Speaking of novels, I still have one to write, and I'm gonna get on that so that I can then focus on my schoolwork so I can start writing this report before I go watch Downton Abbey and eat homemade scones with a friend later tonight. (I told you there would be scones.)
I'm incredibly impressed with the actual quality of the prose I wrote last night between midnight and 2am to begin my novel. It's probably problematic, because now I'll want the whole thing to be this well-written. But I also wonder if this just means I'm becoming a better writer--or at least that this is a story that, somehow, I know how to write. I'm less thank 2,000 words in but I feel like the style of the writing itself has helped me get inside my protagonist's head, get to know her in a nuanced sort of way that I've rarely known other protagonists. Maybe, I think, it's because she's sort of grown-up, already living an independent life, unlike so many of my FMCs whose stories are about growing up and becoming independent--but maybe there's just something about her that works, for me, with me. Either way, I'm not going to complain. I don't remember the last time I felt this happy with the quality of anything written in November.
(Of course, the scene I've written couldn't possibly be more quotidian--a woman walking down the street on her way to a meeting with her dissertation adivsor--but I don't care. Something about it is so perfectly hers.)
I could go on with the rhapsodizing, but sadly, writing a novel isn't all that I'm doing this month, so it's back to homework...so that I can attend my first New York write-in later tonight!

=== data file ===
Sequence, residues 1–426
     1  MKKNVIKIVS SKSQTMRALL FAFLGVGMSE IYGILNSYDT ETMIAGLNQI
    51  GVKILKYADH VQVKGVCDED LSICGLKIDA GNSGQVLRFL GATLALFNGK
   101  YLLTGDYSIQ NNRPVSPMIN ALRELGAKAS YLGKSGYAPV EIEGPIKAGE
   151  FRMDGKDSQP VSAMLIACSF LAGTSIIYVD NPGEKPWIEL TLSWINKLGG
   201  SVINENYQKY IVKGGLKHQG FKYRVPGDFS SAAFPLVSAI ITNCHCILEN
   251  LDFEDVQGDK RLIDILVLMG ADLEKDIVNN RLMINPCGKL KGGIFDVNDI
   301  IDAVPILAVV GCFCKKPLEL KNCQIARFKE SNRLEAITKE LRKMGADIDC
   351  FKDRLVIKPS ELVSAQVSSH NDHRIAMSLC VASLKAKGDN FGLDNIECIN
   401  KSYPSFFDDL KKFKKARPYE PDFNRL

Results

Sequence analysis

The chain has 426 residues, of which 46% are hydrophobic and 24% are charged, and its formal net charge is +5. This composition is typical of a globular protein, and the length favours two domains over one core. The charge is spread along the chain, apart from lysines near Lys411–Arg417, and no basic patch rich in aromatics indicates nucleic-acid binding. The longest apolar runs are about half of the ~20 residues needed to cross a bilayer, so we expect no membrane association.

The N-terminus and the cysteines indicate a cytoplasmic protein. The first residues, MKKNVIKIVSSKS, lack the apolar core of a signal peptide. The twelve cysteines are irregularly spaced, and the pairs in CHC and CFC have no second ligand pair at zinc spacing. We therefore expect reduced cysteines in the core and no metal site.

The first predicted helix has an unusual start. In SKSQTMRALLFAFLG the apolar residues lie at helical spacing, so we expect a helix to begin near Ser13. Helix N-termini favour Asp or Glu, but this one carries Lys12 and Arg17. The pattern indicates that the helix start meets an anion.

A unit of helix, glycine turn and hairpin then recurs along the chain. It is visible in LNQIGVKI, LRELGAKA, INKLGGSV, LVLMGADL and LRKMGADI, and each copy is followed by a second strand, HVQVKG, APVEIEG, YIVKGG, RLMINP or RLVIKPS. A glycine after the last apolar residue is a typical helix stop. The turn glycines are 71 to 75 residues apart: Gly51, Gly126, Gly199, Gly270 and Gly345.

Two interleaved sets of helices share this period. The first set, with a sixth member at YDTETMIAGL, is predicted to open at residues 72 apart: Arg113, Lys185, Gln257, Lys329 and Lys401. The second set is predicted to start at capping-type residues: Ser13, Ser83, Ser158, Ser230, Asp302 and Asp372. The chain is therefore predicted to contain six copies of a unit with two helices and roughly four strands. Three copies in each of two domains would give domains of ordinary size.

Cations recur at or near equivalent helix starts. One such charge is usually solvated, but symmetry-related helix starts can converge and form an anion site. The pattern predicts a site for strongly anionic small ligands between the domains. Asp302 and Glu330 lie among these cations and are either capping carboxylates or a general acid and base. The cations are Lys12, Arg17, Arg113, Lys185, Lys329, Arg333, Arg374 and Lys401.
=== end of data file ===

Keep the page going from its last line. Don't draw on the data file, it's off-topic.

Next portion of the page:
The novel alternates between a present and a past timeline, as a modern PhD candidate and an armchair historian-cum-medium (as in “talks to ghosts” medium—yes, it’s that kind of story) work together to discover new information about a (totally made-up) late-eighteenth-century writer and radical intellectual figure, Dorian Bell. He lived in London from ~1780-1790, starting as a publisher’s apprentice but eventually writing essays, poems, and a novel or two, while circulating at the edges of the group that contained Mary Wollstonecraft, William Blake, Thomas Paine, etc. And as it turns out, “he” was also not actually a man, but a woman by the name of Dorothea who ran away from home in north Yorkshire and ended up spending the next ten years of her life cross-dressing in London. But this fact remains unknown to 21st century scholars…until Ellie’s dissertation advisor tells her she has no choice but to consult a medium (Ben) before submitting her finished dissertation and completing her PhD requirements. Together, Ellie and Ben slowly unearth clues to Dorian/Dorothea’s past, culminating with the discovery that she was in fact a woman.